I've seen many discussions here pro/contra adp. This was already
decided in favor of adp. Therefore I'm not that much interested in
discussing pro/contra adp, but more about making the best of an adp
solution.

OK, you both favor to let forms do their modifications directly in the
tables. Is there anybody who has a different approach?

stefan
 
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S

Sylvain Lafontaine

If you're really interested to keep ADP and have a secure environment, then
another solution would be to use unbound forms and make the update yourself.

However, if you are to use unbound forms, I don't see the point of keeping
ADP along; unless you want to have a mixed environment, where both bound and
unbound forms will be used. (But if you are going this last way, I cannot
say that a mixed environment will have the same level of security as one
where only unbound forms will be used; so we might say that going this way
will set you back at the starting case.)
 
A

aaron.kempf

Sylvain

why dont you shut your ****ing trap you ****ing ****

stop trying to discourage people from ADP; it's not 'going away'-- it's
got a better / stronger / brighter future than MDB does

and VB.net takes FOUR TIMES AS LONG TO DEVELOP

ADP is the best environment anywhere.
If you don't agree; why don't you STFU and go to a different channel

-Aaron
ADP Nationalist
 
S

Stefan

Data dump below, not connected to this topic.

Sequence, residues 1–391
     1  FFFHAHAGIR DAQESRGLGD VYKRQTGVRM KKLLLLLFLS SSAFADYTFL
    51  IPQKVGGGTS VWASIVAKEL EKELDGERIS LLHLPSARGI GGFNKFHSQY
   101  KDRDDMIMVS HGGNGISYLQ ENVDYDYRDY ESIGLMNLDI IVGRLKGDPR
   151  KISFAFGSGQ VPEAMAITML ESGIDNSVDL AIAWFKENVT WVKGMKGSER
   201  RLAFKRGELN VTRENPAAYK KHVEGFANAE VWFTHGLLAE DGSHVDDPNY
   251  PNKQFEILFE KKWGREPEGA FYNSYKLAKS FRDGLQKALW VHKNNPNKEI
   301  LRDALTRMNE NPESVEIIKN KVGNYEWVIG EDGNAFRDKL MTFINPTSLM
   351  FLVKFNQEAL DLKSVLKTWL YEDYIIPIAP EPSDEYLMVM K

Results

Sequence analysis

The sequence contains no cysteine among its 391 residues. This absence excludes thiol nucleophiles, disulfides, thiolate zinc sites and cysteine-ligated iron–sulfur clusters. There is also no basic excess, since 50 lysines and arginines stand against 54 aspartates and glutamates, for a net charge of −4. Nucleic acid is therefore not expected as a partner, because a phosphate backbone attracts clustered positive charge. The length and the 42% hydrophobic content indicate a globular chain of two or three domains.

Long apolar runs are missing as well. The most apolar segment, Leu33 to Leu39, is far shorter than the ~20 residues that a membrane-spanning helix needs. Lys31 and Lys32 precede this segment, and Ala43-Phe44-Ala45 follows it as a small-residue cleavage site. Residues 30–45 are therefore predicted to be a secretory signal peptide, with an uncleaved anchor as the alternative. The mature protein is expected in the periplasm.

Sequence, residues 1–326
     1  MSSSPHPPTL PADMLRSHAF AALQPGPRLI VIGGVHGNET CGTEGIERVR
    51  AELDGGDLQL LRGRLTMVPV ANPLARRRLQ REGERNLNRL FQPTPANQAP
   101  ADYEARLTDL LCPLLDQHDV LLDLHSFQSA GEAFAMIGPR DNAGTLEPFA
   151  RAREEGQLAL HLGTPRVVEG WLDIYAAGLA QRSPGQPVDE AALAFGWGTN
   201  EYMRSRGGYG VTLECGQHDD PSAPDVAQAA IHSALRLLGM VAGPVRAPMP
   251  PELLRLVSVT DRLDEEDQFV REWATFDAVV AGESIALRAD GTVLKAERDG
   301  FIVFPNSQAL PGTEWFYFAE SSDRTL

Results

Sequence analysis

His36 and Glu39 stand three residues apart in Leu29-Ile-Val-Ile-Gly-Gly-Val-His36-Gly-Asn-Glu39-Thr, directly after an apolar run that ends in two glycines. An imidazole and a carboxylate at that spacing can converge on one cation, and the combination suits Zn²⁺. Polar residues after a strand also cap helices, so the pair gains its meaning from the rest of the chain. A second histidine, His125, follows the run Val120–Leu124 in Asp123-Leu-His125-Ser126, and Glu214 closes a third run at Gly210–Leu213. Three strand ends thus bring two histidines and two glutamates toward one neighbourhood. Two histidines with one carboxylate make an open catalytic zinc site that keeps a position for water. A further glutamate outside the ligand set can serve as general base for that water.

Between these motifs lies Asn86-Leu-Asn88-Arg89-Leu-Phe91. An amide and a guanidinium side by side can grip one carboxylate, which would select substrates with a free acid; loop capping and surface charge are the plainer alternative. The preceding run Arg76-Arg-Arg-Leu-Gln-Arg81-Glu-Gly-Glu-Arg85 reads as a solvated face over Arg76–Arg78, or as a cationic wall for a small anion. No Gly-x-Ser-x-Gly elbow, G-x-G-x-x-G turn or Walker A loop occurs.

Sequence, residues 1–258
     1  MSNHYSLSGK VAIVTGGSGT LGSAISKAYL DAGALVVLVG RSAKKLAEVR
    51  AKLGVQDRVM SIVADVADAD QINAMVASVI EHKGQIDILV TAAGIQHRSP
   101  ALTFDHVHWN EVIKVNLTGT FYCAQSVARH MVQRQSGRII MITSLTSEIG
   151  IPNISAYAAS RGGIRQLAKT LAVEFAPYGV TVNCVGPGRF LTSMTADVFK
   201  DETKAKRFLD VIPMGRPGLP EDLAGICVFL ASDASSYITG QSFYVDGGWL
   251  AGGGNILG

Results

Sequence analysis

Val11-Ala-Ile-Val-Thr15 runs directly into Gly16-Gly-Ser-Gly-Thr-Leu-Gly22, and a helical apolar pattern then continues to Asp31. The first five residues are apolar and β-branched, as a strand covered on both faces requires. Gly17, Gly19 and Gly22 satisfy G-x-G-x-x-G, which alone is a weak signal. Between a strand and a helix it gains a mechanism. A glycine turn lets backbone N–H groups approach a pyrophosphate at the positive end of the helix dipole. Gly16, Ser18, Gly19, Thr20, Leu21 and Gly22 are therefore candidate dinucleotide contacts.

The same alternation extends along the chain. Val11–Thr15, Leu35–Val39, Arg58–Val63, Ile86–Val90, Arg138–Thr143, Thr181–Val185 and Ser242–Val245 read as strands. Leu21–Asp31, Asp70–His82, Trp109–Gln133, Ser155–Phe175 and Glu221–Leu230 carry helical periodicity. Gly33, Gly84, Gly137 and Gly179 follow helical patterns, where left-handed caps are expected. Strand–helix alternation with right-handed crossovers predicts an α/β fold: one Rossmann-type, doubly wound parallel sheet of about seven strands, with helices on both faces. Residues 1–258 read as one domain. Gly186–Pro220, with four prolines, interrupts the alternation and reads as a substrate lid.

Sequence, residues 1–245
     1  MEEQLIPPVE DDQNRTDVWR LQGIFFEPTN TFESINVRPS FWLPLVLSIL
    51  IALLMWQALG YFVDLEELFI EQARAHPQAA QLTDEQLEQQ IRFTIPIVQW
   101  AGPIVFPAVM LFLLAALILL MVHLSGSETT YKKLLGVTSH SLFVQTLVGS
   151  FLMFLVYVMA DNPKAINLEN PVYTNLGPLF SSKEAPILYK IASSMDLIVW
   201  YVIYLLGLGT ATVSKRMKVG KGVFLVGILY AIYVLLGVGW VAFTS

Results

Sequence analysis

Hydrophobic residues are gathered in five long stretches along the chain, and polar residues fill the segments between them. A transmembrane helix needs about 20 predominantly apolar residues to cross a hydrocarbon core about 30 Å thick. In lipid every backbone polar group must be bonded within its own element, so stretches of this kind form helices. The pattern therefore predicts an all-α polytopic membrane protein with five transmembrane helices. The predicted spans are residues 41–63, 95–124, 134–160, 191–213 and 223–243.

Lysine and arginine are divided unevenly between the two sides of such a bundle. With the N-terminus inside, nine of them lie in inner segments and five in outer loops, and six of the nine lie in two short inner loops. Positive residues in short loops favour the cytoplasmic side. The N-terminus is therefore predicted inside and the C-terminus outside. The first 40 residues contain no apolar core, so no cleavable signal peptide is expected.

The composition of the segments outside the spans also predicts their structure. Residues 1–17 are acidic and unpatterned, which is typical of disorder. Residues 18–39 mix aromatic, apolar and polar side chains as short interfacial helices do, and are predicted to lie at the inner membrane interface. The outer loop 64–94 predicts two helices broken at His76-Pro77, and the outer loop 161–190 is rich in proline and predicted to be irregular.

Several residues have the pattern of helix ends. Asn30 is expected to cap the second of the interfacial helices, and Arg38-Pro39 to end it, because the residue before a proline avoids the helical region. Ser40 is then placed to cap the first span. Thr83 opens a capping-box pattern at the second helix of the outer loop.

Aaron,

I understand Sylvain's point and he is right. If i'd use unbound forms,
I could use .net as well.

But as we don't have the time rewrite the whole application in this
manner,
I guess the only way to go with adp is to grant user access on the
tables.

As I assume there's no secret trick to circumvent this, I can now go on
and
implement the solution with table based rights without thinking that I
do it in
a bad way ;)

Thanks Guys!

Stefan
 
A

aaron.kempf

is Sylvain a GIRL or just a GIRLIE-MAN?

he's trying to steer you away from ADP; he/she can **** himself /
herself

-Aaron
 
V

Vadim Rapp

(4) use application role feature of sql server. Once ADP application starts,
it logs on as application using sp_setapprole, and then has all permissions,
while users don't have them. ADP is compiled and does not show the database
table. Users only have Access Runtime.

This way, only your code is allowed to work with the database; users' hands
are not.

Vadim Rapp
 
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S

Sylvain Lafontaine

I never tried them personally but many people have reported problems trying
to use application role with ADP in this newsgroup in the past (you can
search this newsgroup on Google for some interesting advice, in particular
in those messages posted by Lyle Fairfield).

However, like Mary Chipman has said, using an application role is not really
more secure than using an obfuscated SQL Server Login because in both cases,
the login and the password must be stored in client code and there's
decompilers (and network packets analysers) around here for everything.

Also, the trouble of using AR with ADP (in particular for subforms, filtered
comboboxes and list boxes, reports and subreports) seriously diminish their
usefulness in comparaison with the use of other technologies. You will
chose to use ADP against a SQL-Server because it's simple, not because it's
complicated.
 
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A

aaron.kempf

this 'AppRole' uses the 'Application' node in the connectionString.. so
we need to setup a role for 'Microsoft Office' right?

or can you give more information about this.

I've personally never had a drop of problems with permissions; and I
love ADP.

-Aaron